That way, federal authorities say, they could outlaw the gang in part by preventing them from using the name and imagery, and by seizing property and assets that carry the name or insignia — including clubhouses, motorcycles and even gang members’ clothing. This would allow any police officer “who sees a Mongol wearing this patch … to stop that gang member and literally take the jacket right off his back,” U.S. Attorney Thomas O’Brien told Reuters. (I wonder what they would do to this guy, who has the insignia tattooed on the back of his head).
This appears to be the first time that the police or the U.S. Attorney’s office have gone after a bike gang or any other criminal organization based on illegal use of intellectual property. Much like the Hell’s Angels and other popular outfits, the Mongols registered their name and their “patch” or insignia — a ponytailed character resembling Genghis Khan — as a legal trademark so that they could control the use of it.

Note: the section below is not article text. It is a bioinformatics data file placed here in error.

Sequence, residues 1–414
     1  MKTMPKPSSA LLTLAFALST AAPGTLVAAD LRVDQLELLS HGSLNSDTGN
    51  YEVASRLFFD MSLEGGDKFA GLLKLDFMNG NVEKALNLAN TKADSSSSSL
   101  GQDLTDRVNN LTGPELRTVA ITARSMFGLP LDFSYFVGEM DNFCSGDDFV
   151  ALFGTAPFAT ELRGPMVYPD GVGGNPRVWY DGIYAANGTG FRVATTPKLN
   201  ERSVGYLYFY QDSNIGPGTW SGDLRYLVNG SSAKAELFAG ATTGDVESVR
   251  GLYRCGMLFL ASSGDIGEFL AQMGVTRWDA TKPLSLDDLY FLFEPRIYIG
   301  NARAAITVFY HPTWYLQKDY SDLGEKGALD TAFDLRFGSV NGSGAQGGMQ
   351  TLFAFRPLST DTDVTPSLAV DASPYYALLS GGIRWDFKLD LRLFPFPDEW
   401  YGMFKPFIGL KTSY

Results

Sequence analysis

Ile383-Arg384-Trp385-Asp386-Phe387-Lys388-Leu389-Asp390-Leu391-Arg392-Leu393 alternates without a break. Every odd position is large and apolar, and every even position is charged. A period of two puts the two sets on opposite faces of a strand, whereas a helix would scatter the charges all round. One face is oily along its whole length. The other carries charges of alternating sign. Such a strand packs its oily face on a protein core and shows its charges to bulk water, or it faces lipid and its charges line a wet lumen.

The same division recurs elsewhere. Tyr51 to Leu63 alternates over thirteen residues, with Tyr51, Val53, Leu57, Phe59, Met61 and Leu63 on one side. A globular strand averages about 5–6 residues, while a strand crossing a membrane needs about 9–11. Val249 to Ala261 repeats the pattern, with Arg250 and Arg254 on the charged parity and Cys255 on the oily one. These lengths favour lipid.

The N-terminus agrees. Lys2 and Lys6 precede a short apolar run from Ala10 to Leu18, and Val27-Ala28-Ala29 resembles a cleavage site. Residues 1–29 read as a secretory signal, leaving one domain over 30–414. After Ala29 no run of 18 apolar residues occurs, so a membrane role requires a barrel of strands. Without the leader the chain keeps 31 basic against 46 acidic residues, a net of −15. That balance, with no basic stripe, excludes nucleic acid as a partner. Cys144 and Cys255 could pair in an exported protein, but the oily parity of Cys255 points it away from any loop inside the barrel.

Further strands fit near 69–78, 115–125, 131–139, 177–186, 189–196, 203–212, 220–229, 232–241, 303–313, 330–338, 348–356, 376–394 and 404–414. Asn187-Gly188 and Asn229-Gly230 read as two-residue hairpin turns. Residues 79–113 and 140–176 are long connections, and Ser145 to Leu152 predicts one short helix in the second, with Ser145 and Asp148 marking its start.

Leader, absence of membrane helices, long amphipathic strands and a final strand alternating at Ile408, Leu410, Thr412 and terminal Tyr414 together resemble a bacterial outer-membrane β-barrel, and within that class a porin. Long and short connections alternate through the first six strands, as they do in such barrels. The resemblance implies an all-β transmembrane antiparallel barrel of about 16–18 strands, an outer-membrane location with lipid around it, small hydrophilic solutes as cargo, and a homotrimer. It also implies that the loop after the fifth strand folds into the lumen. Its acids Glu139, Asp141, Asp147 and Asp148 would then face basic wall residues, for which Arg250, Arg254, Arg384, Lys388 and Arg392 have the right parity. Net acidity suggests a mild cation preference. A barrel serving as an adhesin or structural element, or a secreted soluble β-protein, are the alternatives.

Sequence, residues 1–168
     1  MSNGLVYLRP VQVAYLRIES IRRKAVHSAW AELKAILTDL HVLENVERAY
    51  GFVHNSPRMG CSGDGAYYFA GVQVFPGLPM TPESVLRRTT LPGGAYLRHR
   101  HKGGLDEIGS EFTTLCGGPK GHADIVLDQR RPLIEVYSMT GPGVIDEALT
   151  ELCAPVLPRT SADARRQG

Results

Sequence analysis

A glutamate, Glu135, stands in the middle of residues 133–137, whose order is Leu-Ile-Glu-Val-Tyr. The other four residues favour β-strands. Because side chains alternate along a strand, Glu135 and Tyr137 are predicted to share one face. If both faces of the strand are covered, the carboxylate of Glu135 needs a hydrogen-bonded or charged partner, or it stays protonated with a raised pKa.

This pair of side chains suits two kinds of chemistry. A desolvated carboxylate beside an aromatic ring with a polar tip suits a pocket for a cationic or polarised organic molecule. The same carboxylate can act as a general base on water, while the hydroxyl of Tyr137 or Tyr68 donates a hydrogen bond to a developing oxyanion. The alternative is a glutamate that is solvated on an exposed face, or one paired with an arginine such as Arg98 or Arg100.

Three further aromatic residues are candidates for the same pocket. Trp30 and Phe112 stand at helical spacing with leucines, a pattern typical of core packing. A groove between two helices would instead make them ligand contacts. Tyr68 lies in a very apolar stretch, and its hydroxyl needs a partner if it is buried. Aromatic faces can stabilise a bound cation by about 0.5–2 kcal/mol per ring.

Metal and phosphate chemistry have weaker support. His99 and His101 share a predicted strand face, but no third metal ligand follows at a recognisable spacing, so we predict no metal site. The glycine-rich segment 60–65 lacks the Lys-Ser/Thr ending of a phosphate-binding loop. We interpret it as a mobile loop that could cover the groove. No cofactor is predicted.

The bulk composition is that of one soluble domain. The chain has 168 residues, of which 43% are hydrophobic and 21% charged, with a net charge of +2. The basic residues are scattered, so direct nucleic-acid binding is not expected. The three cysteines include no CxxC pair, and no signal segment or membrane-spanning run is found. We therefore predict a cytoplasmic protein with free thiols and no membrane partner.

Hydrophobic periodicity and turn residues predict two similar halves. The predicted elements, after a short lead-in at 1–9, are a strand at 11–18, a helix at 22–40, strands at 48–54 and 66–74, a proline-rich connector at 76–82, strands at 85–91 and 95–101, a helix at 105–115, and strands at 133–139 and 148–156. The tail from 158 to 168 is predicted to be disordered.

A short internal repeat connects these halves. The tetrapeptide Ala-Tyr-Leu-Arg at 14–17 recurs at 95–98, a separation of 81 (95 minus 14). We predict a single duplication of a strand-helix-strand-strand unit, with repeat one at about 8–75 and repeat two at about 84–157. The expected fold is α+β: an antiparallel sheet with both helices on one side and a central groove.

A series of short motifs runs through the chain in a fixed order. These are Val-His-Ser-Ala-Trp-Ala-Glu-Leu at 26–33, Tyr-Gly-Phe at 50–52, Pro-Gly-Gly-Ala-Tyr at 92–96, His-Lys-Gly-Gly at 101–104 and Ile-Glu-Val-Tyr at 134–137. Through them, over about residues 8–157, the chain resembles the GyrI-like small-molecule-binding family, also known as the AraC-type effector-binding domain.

One intellectual property attorney called the government’s tactic “cute and clever” but also “a bit troubling” since it is effectively an abuse of IP law, a view that others also share. It might also be harder to seize the trademark than the federal prosecutor thinks: according to an article in Portfolio magazine, the gang doesn’t own the rights to the IP any more — the non-profit entity known as Mongol Nation transferred those rights earlier this year to a company called Shotgun Productions.